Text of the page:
Port Related Transport
Planning and Modelling
Laurie Piggott Consulting Pty Ltd
Items to be covered
1. Cross discipline communication to achieve a
comprehensive understanding between operators,
transport planners and land planners.
2. Understanding the effect of operational constraints on
freight movement to and from the port (the total logistics
3. Simple description of the landside supply chain elements.
4. The key role played by stevedore terminals and inland
Communication across Skill Based
• Generally speaking cross boundary communication is
not good except in organisations such as the Freight
and Logistics Council and the WA Port Operations Task
• POTF is an independent stakeholder group hosted by
the Fremantle Port Authority with membership that
includes the FPA, F&LC, Stevedores, Empty Container
Park Operators, Truck Operators, WARTA, Rail
Operators, Brokers, Customs, Australian Quarantine
and Inspection Services (AQIS), Main Roads etc.
WA Port Operations Taskforce (POTF)
Day to day issues and strategic matters are discussed at
regular monthly meetings. Operational problems are
presented, discussed and very often resolved by
compromise or by development of creative options.
Sub committees are formed to work through more difficult
or strategic issues.
It is also a forum for presentation of papers by members
or invited guests.
This is an excellent group to obtain an understanding of
port related operations.
How I gradually learned about linking
operations with Infrastructure Planning
1960 to 1990 (limited operations knowledge)
Civil Engineering Design Draftsman, full time Uni., Civil
Engineer (subdivision development) and local government
1990 to 2008 (expanding operations knowledge)
Westrail and PTA – Urban Station Planning (includes
working with bus ops), Land Management, Freight
Planning, Intermodal Terminal Development (rail to road
Linking operations with Infrastructure
2008 to 2018 (includes port related operations
Laurie Piggott Consulting engaged by FPA in the
redevelopment of Rous Head and as the part time
Executive Officer with the WA Port Operations Task Force
from 2010 to 2014.
This experience provided a link to earlier experience in
infrastructure planning and development and an
understanding of the port and freight related technical
Container Supply Chain
Container description and movement.
Empty Container Parks.
The complexity of the Container Supply Chain.
Intermodal Terminals and Road Transport Depots
Land Use Planning and Infrastructure Development.
Are owned by shipping lines
Come in different lengths (20 and 40 ft) and heights
Are set up for different products (standard, food grade,
reefer, dry storage, open top and various door locations).
Therefore limited opportunities for easy reallocation from
import to export use (empty trucks entering or leaving the
Supply chain and infrastructure solutions continue to be
Empty Container Parks
Contracted by shipping lines who define when empties must
be returned to the port and from which Container Park.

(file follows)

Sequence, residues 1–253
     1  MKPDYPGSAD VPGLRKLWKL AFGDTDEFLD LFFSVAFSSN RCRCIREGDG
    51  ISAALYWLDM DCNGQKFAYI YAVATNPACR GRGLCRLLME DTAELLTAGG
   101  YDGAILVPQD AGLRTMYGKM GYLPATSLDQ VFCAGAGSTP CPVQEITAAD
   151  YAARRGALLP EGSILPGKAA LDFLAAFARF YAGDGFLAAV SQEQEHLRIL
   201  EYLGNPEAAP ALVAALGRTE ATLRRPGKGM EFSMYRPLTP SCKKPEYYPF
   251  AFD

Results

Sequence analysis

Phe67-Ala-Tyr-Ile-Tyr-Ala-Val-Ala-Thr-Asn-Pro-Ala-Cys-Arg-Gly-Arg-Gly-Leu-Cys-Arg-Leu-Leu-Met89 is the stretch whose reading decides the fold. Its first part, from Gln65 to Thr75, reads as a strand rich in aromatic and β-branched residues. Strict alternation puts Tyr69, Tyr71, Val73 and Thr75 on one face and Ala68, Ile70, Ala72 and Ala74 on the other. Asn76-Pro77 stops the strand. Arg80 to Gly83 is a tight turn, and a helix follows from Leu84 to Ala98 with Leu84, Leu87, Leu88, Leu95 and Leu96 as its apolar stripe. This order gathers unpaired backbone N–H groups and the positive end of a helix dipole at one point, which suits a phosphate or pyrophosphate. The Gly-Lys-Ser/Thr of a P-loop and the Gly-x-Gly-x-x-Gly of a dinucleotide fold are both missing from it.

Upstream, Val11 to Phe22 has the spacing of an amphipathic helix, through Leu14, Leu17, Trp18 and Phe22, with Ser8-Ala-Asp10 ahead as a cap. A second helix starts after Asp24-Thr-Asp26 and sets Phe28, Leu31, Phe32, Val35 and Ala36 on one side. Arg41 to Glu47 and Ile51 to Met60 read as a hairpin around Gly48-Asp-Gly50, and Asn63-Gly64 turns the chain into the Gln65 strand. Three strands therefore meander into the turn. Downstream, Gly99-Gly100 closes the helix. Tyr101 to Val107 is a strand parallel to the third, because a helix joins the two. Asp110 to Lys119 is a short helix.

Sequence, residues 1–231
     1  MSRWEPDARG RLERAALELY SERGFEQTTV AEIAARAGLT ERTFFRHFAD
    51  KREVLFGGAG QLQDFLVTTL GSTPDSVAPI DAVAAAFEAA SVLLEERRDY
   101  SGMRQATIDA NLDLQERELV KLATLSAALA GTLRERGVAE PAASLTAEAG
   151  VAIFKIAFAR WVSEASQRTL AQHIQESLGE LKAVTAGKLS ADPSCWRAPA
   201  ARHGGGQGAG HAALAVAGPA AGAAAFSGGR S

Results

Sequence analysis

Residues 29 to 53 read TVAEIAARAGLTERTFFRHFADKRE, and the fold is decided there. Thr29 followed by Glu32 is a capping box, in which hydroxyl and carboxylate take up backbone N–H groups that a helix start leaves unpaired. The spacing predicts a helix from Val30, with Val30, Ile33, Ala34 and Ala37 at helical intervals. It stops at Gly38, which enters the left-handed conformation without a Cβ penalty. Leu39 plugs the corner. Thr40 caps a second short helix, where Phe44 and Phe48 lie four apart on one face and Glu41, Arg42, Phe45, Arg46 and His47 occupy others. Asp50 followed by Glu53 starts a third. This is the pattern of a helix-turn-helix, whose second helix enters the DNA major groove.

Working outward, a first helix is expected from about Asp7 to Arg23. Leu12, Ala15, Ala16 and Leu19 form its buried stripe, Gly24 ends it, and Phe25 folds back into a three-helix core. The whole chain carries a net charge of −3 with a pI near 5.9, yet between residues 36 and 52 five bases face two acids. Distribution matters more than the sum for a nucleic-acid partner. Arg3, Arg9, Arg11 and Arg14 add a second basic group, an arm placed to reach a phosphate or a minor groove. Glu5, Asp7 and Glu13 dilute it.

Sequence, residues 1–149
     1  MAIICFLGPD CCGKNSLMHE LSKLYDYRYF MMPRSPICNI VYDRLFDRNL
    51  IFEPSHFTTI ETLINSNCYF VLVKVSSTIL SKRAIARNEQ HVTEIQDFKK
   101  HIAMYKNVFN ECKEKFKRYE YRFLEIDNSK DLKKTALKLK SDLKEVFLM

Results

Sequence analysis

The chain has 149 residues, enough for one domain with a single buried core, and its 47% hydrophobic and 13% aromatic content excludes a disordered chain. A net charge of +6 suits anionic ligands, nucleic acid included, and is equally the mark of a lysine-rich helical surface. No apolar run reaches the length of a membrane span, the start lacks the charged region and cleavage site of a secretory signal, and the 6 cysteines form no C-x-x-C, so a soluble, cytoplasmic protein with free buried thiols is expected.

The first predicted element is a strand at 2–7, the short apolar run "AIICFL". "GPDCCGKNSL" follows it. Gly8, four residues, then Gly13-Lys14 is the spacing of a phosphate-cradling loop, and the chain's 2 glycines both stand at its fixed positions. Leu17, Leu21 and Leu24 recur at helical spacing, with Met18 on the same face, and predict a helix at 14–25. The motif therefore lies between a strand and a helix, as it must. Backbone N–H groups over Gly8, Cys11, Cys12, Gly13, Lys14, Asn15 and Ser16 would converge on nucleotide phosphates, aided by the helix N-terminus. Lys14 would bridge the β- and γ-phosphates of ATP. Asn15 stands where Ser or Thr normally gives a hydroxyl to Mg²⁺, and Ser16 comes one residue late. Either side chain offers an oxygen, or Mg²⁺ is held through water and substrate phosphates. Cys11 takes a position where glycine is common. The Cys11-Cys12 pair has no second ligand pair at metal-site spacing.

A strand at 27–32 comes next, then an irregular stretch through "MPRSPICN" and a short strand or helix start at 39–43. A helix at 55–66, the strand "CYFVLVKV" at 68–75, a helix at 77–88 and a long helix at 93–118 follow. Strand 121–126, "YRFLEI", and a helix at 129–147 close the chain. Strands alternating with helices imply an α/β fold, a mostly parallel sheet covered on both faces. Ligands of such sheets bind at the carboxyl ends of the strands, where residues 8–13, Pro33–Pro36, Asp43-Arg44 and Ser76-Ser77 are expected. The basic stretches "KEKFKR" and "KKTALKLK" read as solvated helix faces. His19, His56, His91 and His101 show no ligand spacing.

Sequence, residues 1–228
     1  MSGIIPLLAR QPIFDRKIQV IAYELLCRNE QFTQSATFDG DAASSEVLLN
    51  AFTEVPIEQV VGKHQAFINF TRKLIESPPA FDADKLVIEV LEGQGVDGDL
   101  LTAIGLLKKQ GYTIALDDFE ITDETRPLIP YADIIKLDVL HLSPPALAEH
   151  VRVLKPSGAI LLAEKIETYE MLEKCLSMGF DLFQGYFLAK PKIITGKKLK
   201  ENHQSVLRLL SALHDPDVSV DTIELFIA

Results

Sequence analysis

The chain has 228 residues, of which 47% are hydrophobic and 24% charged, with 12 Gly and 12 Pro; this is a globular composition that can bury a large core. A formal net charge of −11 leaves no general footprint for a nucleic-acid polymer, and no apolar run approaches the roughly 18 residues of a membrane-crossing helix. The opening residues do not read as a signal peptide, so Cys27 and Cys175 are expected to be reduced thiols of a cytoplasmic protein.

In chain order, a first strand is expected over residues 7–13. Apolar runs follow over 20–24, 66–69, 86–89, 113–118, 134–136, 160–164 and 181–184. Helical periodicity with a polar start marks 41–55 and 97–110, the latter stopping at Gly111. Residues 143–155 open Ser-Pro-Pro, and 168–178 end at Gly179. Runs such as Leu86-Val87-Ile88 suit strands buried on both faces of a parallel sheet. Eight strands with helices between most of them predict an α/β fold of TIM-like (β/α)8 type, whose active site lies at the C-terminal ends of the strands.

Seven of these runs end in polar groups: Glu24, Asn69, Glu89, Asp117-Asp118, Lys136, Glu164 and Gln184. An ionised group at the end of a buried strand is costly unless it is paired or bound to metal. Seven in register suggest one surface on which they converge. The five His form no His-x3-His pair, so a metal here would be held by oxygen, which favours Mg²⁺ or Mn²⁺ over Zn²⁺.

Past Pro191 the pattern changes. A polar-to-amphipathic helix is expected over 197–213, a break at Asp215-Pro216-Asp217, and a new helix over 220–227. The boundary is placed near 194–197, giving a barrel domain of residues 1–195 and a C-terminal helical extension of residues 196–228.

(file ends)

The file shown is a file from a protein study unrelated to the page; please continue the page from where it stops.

ECPs do more than store; their major functions are to:
Survey, clean and repair containers on behalf of shipping lines;
Coordinate movement of the various container types mostly to
receive import dehire, reassignment to exporters or relocate
excess empties overseas (bulk runs to stevedores).
1. Import Movement: Transport full from Stevedore to
2. Empty Container Park: Receives empty from importer
(dehire) and inspects, cleans and repairs as necessary;
then allocates to exporter or relocates overseas via
transfer to Stevedore (bulk runs).
3. Triangulation (rare movement) –importer transfers empty
direct to exporter.
4. Export Movement: Full from exporter to Stevedore or
relocation of empty from ECP to overseas (bulk runs).
Supply Chain Restrictions
Terminals must clear their decks due to the limited
window to unload and load vessels.
Therefore there is a time limit for importers to return
empty import boxes to ECPs.
Leads to competition between trucks for Terminal slots
due to restrictions on the time containers can be held
on the wharf.
Difficult to coordinate slot bookings at the Terminal
(1Stop) and the ECP (ContainerChain) and to reduce
empty truck running.
Inland Restrictions on Port Operations
Many imports are distributed to small sites that require
sidelifter or smaller trucks for load/unload and that are
open from 8am to 5pm 6 days per week.
Due to limited vessel berth time Stevedores must operate
well beyond this period necessitating provision of inland
transport hubs to keep port operations going.
This requires large trucks to transport from the port during
extended time periods and smaller trucks to distribute to
local areas during the short day time periods.
Benefits of Inland Intermodal
Terminals and Transport Hubs
Relieves pressure on Port by:
Providing off Port full container storage.
Open outside of normal business hours to allow
extended port operating times.
Providing large sites for rail and efficient large capacity
trucks operating from the Port.
Allowing transfer to trucks that can unload at small
importer sites (small table top or sidelifter)
Association with a local (inland) ECP.
Freight Hub Examples
The following slides are photographs of operations at the
Kewdale interstate intermodal terminal where containers
are transferred across the boundary to a road depot
The methodology of this rail to road transfer also applies
to a road to road transfer.
Planning and Transport Modelling for
Land use planning and Transport Modelling for the Supply
Have an understanding of Supply Chain operations.
Facilitate efficient operations including how and where to
provide road/road transport hubs, end of line rail facilities
and empty container parks.
Create suitable and sufficiently large industrial lots in the
right locations (structure plan design).
Identify and protect transport corridors suitable for rail and
heavy road vehicles.